The game includes eight multiplayer modes, with online leaderboards to compare scores. Online games can feature up to seven opponents on-line, or four-player local split screen.


The lead designer of the game was Matt Cavanagh who described the title as "a racing game with guns". At first the game was literally a shooting gallery with limited AI. After 6 months of development a new prototype was created with an emphasis on scoring rather than narrative. The gameplay was designed before any setting and back story was created. Many publishers declined to take on the title before Sega chose to back it.[2]

The title was released globally on February 8, 2008. Composer Richard Jacques wrote the score for the single player levels, Chris Chudley from Audioantics wrote the score for the multiplayer levels, while Jesper Kyd scored the main theme.


The Club received positive reviews. Eurogamer's Tom Bramwell complimented it as "a shooter that turns tired genre conventions around with a bullet to the shoulder", but stated that it would be "divisive" due to the game's run and gun mentality, which went against the contemporary trend towards tactical shooters. Bramwell pointed out that The Club "does for the third-person shooter what no one else has even bothered trying to do: moving it closer to the 2D shoot-'em-ups of old in a manner that appeals anew".[9]

Andrew Reiner, writing for Game Informer, mentioned Bizarre Creations' background and its influence on The Club: "The speed-first mentality of the racing genre is cleverly infused into the framework of a run-and-gun shooter...And to truly capture the racing atmosphere, some of the levels have players running laps in specific environments...It may sound odd, but the racing shooter formula works amazingly well". Reiner called The Club "a nice change of pace, and hopefully the beginning of a new genre".[10]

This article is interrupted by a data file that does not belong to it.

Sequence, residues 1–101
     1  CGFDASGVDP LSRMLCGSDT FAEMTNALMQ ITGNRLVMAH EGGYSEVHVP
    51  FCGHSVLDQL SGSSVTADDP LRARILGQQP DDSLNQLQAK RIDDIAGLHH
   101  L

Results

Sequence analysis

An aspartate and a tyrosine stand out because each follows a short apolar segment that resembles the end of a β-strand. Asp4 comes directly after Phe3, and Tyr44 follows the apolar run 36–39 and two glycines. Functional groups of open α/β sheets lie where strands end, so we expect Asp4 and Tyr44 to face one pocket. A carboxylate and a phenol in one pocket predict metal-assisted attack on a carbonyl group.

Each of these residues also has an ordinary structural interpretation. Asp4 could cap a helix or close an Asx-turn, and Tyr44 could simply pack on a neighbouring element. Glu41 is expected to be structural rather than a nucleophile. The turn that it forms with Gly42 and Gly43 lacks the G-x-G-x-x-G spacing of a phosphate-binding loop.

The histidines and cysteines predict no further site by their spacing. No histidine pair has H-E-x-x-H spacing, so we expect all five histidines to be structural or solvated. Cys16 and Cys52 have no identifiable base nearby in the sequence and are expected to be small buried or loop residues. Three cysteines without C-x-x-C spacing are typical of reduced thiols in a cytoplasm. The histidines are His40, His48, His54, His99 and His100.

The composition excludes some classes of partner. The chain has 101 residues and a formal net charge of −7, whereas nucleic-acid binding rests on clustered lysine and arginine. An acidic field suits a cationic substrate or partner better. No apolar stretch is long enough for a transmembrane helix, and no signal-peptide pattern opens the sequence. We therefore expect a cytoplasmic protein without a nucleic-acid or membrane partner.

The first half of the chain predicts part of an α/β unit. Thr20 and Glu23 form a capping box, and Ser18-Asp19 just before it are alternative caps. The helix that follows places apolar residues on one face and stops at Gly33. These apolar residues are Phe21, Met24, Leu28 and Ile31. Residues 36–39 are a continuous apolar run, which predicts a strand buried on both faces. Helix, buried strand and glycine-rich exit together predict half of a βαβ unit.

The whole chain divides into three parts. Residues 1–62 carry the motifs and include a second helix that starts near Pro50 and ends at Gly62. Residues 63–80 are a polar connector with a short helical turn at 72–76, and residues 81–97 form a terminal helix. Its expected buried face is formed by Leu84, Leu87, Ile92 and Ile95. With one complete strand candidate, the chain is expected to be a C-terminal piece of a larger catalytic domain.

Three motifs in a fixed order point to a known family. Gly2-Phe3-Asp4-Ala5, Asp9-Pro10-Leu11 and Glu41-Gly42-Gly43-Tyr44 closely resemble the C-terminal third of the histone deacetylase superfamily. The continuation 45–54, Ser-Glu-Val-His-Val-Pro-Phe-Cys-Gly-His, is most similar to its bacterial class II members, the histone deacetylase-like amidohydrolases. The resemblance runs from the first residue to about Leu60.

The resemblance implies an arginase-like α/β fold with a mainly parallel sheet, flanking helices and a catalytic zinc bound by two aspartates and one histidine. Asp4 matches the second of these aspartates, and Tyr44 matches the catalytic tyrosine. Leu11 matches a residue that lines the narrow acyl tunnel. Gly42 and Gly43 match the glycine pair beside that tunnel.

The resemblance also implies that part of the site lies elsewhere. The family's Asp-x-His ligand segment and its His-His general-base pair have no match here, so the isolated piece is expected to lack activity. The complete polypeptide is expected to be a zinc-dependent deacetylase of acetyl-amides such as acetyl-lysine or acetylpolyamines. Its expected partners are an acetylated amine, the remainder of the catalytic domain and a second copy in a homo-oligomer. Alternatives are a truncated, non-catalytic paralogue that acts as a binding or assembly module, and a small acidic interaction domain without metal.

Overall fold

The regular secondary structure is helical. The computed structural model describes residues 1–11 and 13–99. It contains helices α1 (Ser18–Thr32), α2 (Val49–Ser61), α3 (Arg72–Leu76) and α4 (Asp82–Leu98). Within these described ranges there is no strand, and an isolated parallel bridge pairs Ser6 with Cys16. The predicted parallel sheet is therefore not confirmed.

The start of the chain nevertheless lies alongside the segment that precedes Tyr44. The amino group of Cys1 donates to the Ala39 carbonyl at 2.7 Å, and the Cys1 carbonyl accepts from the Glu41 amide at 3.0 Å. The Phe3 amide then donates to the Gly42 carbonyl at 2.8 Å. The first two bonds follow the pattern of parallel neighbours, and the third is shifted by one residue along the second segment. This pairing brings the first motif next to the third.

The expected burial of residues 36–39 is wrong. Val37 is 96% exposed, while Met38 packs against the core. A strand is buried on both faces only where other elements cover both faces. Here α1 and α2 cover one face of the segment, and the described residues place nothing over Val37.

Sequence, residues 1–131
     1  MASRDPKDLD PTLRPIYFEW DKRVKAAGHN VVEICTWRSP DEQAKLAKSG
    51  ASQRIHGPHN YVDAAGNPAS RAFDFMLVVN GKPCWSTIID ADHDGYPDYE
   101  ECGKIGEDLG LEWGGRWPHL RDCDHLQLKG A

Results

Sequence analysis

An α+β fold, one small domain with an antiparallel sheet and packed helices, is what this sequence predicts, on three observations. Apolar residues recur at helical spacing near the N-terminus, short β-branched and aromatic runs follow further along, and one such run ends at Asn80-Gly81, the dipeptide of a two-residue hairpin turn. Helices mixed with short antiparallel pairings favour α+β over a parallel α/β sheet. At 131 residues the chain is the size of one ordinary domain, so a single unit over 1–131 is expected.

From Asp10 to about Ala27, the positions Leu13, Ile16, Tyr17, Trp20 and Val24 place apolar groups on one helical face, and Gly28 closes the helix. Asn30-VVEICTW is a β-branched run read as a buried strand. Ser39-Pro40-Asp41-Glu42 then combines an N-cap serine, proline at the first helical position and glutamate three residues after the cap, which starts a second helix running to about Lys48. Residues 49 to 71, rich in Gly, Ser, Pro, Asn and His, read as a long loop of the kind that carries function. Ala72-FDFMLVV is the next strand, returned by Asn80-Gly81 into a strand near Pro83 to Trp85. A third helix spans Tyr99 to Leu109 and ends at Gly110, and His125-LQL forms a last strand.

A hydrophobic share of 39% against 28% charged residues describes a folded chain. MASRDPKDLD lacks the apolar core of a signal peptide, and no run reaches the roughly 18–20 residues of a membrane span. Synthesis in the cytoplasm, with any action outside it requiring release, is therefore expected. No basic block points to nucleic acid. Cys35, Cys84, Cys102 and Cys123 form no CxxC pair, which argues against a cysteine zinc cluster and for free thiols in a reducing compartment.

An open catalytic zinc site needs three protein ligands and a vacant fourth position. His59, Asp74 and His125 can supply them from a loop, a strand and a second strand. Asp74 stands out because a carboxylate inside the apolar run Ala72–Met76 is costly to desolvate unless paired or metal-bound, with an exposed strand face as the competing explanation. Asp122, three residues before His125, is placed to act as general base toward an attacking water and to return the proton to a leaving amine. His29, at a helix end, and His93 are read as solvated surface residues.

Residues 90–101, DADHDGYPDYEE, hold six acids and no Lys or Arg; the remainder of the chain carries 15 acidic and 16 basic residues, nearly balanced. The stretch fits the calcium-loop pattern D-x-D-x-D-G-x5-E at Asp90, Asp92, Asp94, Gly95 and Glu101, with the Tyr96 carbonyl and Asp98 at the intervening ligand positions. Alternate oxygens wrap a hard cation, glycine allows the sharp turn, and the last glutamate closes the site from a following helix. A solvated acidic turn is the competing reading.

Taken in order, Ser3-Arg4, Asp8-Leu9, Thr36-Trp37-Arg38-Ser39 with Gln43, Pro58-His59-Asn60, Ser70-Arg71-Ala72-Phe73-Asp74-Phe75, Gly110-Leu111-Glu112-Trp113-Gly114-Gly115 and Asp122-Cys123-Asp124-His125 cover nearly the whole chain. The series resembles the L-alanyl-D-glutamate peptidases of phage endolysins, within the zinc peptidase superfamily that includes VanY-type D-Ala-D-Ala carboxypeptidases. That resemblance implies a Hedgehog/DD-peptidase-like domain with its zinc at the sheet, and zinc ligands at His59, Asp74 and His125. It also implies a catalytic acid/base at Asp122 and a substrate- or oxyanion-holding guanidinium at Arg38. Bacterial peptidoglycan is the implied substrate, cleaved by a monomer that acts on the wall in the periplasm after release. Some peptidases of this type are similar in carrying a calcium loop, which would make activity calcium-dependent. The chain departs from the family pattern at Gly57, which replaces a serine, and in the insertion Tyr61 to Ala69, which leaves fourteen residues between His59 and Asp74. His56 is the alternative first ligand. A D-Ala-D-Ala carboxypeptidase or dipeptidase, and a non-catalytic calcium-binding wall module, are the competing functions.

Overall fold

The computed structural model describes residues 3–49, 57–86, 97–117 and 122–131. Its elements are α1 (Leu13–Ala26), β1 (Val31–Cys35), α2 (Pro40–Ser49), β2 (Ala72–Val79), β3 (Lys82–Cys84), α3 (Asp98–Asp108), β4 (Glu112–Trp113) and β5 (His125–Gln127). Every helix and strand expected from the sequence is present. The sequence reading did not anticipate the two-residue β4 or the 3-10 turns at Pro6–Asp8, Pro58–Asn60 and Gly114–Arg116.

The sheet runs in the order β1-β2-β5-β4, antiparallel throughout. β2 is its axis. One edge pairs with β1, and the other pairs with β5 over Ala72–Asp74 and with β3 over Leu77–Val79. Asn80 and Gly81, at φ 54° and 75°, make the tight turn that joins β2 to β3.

GamePro reviewer Cameron Lewis wrote: "What might be most impressive about The Club is that despite the many disparate elements that it cherry-picks from genres as diverse as racing, skateboarding, and first-person shooters, the whole never bears the disjointed feel of a Frankenstein creation".[11]

IGN reviewer Alec Meer stated that the scoring system "will prove an immediate turn-off for some" and went on to blame the "fairly dismal" graphics for putting potential players off, saying that "it's about how it plays, not how it looks. But if it looked better, more people would want to play it". He praised the gameplay as "it does the job it sets out to do very well", but said the game only had "specialist appeal".[12]'s Tom Orry praised The Club as "a game packed full of style, brimming with replay value and demanding of the most skilful players around. This is an arcade shooter like you've never seen before...The Club is one of the finest examples of bringing the essence of arcade gaming to modern consoles".[13]

Edge called The Club "a heavily structured and well-considered score-attack game", granting it 7/10.[14]


  1. ^ A. Fitch, Tyler, and Gord, "The Club: Stick with the guest pass," Electronic Gaming Monthly 226 (March 2008): 83.
  2. ^ "The Club retrospective". Eurogamer. 14 April 2013.
  3. ^ "The Club for Xbox 360". GameRankings. 2008-02-19. Retrieved 2014-05-19.
  4. ^ "The Club for Xbox 360 Reviews". Metacritic. Retrieved 2014-05-19.
  5. ^ Little_Goten (2013-03-18). "The Club for Xbox 360". G4tv. Retrieved 2014-05-19.
  6. ^ "Xbox 360, Xbox 360 Games - GameSpot". Retrieved 2014-05-19.
  7. ^ "The Club Review". GameTrailers. Retrieved 2014-05-19.
  8. ^ "Review: The Club - Total". 2008-02-03. Retrieved 2014-05-19.
  9. ^ Bramwell, Tom (2008-02-05). "The Club Review • Page 1 •". Retrieved 2014-05-19.
  10. ^ "Game Informer Online". Game Informer. Archived from the original on February 28, 2008. Retrieved 2014-05-19.
  11. ^ Lewis, Cameron (2010-02-12). "The Club Review from GamePro". Archived from the original on February 12, 2010. Retrieved 2014-05-19.
  12. ^ "The Club UK Review - IGN". 6 February 2008. Retrieved 2014-05-19.
  13. ^ Orry, Tom (2008-02-06). "The Club Review for Xbox 360". Retrieved 2014-05-19.
  14. ^ Feb 2008, p.88